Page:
I decided on an Open Water course with SSI – short for Scuba Schools International. The Open Water, OW, is a two-day course in Koh Tao including theory lessons with an exam at the end, four dives as well as a confined water session to get started. At New Heaven, this confined water session is done in the pool or in very shallow, calm water in the ocean. After getting fitted with equipment – an unflattering wetsuit, fins, and mask – we first get shown the ins and outs of our new BFFs: regulator, BCD, and tank. In short – the tank has the air (not oxygen as so many think, but regular air with 21% oxygen and 79 % nitrogen for starters – pure oxygen would kill you quickly at depth!) and the regulator connects to the tank allowing me to breathe through a mouthpiece. The BCD, short for buoyancy control device, looks a bit like a life vest and is also connected to the air from the tank and in charge of helping me to get neutrally buoyant aka float underwater.
Don’t know much about … physics.
Before I can give that a try, I have to go back to school, and my least favorite subject is in session: physics. I need to learn what pressure does to the body underwater or how that changes when I come up again. All this, so I can not only dive but also avoid decompression illness like the bends or a lung squeeze. The latter sounds scary enough for me to pay attention, something my physic’s teacher never got me to do in highschool. Some things you can learn by doing, others need to be studied and practiced on dry land before as your life may depend on them.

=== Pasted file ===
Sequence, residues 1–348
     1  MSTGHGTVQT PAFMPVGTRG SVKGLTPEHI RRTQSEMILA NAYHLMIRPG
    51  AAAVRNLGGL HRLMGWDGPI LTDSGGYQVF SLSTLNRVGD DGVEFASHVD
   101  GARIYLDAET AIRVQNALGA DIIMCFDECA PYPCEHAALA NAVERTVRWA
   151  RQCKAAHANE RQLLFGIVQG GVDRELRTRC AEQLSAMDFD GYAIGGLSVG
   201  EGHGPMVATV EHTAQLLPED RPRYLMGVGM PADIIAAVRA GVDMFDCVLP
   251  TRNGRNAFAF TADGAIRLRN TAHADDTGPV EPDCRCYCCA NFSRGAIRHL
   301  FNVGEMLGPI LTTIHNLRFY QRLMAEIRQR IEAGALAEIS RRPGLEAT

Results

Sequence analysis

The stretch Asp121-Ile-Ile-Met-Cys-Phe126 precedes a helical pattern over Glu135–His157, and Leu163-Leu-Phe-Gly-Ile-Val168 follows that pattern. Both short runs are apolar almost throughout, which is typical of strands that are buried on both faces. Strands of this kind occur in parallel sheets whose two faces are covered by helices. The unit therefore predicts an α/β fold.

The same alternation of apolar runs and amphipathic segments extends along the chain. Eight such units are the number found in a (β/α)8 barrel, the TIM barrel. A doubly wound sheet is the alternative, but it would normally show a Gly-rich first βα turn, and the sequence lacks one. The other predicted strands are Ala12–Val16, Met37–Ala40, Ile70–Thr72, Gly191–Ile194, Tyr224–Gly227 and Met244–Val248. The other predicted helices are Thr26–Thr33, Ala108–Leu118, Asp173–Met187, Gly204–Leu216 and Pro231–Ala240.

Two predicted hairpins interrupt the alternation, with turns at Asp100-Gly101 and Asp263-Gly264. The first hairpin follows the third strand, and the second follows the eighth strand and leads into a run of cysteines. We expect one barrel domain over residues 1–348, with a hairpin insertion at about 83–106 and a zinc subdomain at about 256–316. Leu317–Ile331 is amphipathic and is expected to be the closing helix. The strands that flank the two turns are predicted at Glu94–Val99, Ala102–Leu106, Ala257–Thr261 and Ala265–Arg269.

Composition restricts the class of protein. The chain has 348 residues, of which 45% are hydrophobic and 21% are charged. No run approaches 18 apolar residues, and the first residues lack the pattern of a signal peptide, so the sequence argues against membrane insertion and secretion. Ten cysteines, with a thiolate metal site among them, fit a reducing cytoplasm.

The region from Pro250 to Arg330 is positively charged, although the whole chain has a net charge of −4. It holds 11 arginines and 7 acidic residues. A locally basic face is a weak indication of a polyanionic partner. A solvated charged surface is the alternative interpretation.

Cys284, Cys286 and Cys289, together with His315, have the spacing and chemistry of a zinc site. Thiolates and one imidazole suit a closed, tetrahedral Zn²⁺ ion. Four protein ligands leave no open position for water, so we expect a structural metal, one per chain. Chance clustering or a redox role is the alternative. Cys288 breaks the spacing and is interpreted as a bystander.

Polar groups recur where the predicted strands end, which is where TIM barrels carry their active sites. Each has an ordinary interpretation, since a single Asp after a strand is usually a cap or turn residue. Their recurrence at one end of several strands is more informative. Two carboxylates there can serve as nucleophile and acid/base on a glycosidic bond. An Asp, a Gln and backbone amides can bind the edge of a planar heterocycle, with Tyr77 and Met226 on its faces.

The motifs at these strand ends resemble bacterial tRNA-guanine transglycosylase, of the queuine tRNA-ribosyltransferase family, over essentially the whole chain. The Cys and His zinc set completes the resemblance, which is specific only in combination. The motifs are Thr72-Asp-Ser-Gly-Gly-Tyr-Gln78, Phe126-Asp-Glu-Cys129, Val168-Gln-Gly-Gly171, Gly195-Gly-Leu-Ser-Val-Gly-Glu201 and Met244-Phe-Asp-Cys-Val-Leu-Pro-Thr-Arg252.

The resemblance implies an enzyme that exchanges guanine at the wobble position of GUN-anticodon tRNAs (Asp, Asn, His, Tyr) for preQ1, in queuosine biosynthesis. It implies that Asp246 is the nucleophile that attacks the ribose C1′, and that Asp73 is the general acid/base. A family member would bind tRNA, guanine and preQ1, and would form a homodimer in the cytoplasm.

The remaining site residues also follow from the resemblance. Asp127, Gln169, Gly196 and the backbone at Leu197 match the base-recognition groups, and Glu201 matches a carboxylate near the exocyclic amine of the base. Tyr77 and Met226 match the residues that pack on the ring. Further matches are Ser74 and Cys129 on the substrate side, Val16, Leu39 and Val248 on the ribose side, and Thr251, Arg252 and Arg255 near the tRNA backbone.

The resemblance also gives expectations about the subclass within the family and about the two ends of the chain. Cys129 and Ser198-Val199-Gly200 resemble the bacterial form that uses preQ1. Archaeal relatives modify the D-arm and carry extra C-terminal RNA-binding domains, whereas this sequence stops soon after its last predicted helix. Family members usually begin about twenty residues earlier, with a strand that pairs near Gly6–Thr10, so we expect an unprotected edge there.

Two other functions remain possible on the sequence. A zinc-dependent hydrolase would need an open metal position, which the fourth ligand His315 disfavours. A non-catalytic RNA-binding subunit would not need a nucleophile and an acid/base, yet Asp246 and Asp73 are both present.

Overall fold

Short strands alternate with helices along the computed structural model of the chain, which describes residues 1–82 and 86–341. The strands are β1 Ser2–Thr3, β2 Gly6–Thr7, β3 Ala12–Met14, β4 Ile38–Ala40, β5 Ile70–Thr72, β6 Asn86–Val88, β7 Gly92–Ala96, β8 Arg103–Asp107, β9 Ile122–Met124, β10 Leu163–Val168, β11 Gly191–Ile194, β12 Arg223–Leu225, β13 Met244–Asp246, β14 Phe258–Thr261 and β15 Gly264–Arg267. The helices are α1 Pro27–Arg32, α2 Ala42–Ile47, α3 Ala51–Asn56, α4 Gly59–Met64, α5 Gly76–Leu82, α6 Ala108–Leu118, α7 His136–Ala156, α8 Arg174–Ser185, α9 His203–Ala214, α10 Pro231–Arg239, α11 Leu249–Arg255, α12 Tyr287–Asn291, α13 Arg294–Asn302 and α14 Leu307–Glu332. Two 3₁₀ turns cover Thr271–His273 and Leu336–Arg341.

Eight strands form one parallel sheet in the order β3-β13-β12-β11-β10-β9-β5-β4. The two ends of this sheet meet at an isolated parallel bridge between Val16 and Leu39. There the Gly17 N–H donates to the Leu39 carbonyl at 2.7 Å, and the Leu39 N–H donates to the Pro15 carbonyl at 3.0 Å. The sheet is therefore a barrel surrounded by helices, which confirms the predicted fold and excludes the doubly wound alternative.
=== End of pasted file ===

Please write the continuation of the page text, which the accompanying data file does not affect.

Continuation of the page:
In the pool, we carefully take our first underwater breath. We have already learned the two most important rules of scuba diving: never dive alone and never hold your breath. In addition, we learn how to clear water out of our masks, hover over the ground, and how to recover the regulator should it get lost, a slightly terrifying but very important skill.
Channeling my Inner Arielle